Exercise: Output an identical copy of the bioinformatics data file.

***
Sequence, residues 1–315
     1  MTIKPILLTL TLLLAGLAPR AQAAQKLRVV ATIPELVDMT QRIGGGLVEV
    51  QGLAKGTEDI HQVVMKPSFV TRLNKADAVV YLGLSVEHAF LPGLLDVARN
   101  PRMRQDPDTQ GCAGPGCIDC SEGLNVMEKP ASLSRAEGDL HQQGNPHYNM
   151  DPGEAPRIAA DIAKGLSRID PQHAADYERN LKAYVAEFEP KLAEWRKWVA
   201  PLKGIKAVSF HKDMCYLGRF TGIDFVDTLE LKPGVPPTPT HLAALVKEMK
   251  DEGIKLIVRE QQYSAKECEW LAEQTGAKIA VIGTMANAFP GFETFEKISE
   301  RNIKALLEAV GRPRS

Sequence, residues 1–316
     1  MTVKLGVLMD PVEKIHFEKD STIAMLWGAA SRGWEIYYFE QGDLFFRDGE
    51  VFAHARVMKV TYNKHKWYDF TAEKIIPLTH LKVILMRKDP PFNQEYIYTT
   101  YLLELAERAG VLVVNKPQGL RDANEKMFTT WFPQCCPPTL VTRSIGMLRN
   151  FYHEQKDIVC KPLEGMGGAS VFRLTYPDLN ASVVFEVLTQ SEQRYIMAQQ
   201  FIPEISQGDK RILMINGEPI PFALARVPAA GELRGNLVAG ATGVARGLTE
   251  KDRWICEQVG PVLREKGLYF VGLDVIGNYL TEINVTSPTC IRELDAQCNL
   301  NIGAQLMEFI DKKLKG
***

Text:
Sequence, residues 1–315
     1  MTIKPILLTL TLLLAGLAPR AQAAQKLRVV ATIPELVDMT QRIGGGLVEV
    51  QGLAKGTEDI HQVVMKPSFV TRLNKADAVV YLGLSVEHAF LPGLLDVARN
   101  PRMRQDPDTQ GCAGPGCIDC SEGLNVMEKP ASLSRAEGDL HQQGNPHYNM
   151  DPGEAPRIAA DIAKGLSRID PQHAADYERN LKAYVAEFEP KLAEWRKWVA
   201  PLKGIKAVSF HKDMCYLGRF TGIDFVDTLE LKPGVPPTPT HLAALVKEMK
   251  DEGIKLIVRE QQYSAKECEW LAEQTGAKIA VIGTMANAFP GFETFEKISE
   301  RNIKALLEAV GRPRS

Sequence, residues 1–316
     1  MTVKLGVLMD PVEKIHFEKD STIAMLWGAA SRGWEIYYFE QGDLFFRDGE
    51  VFAHARVMKV TYNKHKWYDF TAEKIIPLTH LKVILMRKDP PFNQEYIYTT
   101  YLLELAERAG VLVVNKPQGL RDANEKMFTT WFPQCCPPTL VTRSIGMLRN
   151  FYHEQKDIVC KPLEGMGGAS VFRLTYPDLN ASVVFEVLTQ SEQRYIMAQQ
   201  FIPEISQGDK RILMINGEPI PFALARVPAA GELRGNLVAG ATGVARGLTE
   251  KDRWICEQVG PVLREKGLYF VGLDVIGNYL TEINVTSPTC IRELDAQCNL
   301  NIGAQLMEFI DKKLKG